What women know (and don't know) about their vaginal microbiota International Microbiota Observatory - 2023 results

The Biocodex Microbiota Institute commissioned Ipsos to conduct a major international survey of 6,500 people in 7 countries (France, Spain, Portugal, U.S., Brazil, Mexico and China) to better understand people’s knowledge and behavior with regard to their microbiota.

This exclusive survey reveals a general lack of understanding of the vaginal microbiota’s contribution to health, and underlines the essential role of healthcare professionals in teaching patients, in particular senior patients, about the role of the vaginal microbiota and the behaviors they should adopt to preserve it as well as possible.

1. Vaginal microbiota: a little-known organ

21%

Only 1 in 5 women say they know exactly the meaning of the term “vaginal microbiota” (21%, vs 18% among overall results).

53%

 

 

 

 

53% of women say they have never heard about vaginal microbiota, a proportion slightly lower than overall results (55%).

49%

 

 

 

Only 1 in 2 women know what the vaginal flora is exactly (49%), a proportion slightly higher than overall results (40%).

Regarding the role and importance of microbiota in health, a large majority of women is aware that the vaginal microbiota acts as a barrier, protecting women from pathogenic microorganisms (67%) and that every woman has a vaginal microbiota that is different from any other woman’s (60%).

The vaginal microbiota

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However, only 1 in 2 women know that the vagina is self-cleaning (52%) and that from childhood to menopause, a woman’s vaginal microbiota is changing/evolving (52%).

When it comes to specific knowledge regarding delivery, bacterial diversity or unbalanced microbiota, the level of knowledge plummets: only 1 in 3 women know that the vaginal microbiota bacteria are safe for the vagina of women (37%) and that bacterial vaginosis is associated with an imbalance in the vaginal microbiota (35%).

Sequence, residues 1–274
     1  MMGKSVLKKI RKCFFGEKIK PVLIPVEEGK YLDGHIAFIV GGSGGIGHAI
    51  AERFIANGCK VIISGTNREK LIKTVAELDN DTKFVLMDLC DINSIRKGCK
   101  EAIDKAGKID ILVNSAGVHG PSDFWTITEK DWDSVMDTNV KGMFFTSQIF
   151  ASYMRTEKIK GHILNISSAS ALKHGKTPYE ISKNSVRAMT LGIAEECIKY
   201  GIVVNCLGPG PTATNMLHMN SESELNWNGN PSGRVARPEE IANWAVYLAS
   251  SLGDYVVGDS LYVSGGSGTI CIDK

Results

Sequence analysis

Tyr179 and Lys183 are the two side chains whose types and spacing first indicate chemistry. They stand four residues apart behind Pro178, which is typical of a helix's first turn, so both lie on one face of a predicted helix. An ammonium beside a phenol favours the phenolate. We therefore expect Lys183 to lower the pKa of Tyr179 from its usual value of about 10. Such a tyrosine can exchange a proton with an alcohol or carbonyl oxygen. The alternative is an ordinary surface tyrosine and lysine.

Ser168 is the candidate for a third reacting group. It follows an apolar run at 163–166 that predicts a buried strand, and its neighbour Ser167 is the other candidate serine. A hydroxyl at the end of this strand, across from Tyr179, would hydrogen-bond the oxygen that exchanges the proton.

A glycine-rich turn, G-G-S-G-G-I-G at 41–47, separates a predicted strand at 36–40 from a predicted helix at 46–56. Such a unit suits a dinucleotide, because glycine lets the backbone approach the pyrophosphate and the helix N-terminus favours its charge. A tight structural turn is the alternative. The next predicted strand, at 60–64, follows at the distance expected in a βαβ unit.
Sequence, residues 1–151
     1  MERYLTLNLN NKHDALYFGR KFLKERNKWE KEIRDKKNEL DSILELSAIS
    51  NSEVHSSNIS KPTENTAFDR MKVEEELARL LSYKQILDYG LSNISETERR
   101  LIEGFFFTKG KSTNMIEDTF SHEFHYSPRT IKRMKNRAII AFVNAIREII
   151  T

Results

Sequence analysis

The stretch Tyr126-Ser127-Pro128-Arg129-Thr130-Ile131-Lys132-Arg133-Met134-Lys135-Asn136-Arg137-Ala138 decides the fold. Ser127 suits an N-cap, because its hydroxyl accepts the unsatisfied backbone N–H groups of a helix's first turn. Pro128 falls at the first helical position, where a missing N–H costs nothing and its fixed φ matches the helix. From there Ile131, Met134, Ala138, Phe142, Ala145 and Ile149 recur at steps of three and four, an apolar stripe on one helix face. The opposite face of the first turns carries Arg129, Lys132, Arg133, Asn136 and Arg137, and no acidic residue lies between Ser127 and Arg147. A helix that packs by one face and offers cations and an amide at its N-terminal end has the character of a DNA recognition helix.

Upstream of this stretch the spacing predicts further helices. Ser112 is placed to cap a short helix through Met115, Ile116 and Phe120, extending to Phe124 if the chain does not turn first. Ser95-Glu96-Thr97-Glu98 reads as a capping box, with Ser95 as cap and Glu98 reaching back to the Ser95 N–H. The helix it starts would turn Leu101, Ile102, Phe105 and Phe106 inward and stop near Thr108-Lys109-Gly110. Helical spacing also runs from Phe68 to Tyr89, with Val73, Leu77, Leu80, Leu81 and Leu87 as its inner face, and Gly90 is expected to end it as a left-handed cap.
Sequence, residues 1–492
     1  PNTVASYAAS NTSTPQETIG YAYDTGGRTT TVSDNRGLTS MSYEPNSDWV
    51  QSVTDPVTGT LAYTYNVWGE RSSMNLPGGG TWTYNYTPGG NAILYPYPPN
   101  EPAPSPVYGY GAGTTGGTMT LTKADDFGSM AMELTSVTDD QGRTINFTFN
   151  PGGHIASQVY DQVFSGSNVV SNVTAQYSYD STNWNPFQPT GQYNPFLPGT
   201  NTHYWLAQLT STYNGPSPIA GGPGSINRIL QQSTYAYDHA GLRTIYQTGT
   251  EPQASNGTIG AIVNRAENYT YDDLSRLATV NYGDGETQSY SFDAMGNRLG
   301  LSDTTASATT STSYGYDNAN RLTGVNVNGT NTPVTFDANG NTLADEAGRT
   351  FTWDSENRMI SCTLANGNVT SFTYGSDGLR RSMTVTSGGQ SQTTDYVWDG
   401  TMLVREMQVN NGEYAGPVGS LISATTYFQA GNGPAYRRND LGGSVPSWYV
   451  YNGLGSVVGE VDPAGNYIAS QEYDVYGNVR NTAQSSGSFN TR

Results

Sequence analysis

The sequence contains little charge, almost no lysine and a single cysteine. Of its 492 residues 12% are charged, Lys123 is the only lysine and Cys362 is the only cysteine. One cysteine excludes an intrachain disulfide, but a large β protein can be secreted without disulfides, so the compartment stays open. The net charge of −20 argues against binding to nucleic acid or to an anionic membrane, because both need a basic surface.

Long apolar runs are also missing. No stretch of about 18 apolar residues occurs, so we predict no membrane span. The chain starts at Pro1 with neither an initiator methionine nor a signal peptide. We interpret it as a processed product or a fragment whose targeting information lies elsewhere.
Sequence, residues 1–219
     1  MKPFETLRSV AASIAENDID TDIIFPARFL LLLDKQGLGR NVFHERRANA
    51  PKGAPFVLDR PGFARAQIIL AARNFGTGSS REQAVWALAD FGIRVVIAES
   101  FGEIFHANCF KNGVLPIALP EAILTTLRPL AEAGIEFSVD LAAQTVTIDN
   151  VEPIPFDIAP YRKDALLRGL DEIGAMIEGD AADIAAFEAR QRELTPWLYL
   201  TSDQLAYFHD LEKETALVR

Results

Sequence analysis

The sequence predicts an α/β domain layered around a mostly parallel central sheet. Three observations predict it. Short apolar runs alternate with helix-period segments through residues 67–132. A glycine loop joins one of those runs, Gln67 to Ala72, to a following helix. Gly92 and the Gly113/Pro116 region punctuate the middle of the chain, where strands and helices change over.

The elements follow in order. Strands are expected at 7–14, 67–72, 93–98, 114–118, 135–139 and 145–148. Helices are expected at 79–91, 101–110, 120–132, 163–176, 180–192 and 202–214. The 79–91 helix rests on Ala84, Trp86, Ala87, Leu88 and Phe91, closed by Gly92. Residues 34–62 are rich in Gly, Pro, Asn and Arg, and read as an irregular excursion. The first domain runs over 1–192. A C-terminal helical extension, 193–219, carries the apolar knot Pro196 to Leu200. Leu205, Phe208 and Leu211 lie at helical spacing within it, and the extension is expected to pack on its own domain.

1 in 3 women are also aware that delivery (vaginally or cesarean section) has an impact on the newborn’s gut microbiota (30%).

Only 27% say they know that the vaginal microbiota is balanced when its bacterial diversity is low.

2. Inappropriate behaviors to protect their vaginal microbiota

Faced with questions designed to assess their knowledge of the right behaviors to adopt in order to protect the health of their vaginal microbiota, the interviewees gave a relatively low average score of 2,8/5. 

85%

 

 

 

85% adopted the good behavior of wearing cotton underwear but a moderate proportion of women have adopted specific behaviors to protect the health of their vaginal microbiota.

45%

Almost 1 in 2 women say they take vaginal douches (45%) whereas it's bad for their vaginal microbiota. 

41%

Only 41% say they have taken probiotics and/or prebiotics (either orally or vaginally).

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What exactly are probiotics?

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3. Information provided by healthcare professionals is still too rare but is needed!

42%

Fewer than 1 in 2 women say that their doctor has ever explained to them how to maintain a balanced vaginal microbiota or educated on the importance of preserving as much as possible the balance of their vaginal microbiota.

35%

Finally, only 1 in 3 said their doctor had ever taught them what the vaginal microbiota was and what it was used for (35%, and only 14% had had this explained to them several times).

86%

 

 

 

 

 

 

86% of women surveyed said they would like to have more information about the importance of the vaginal microbiota and its impact on health.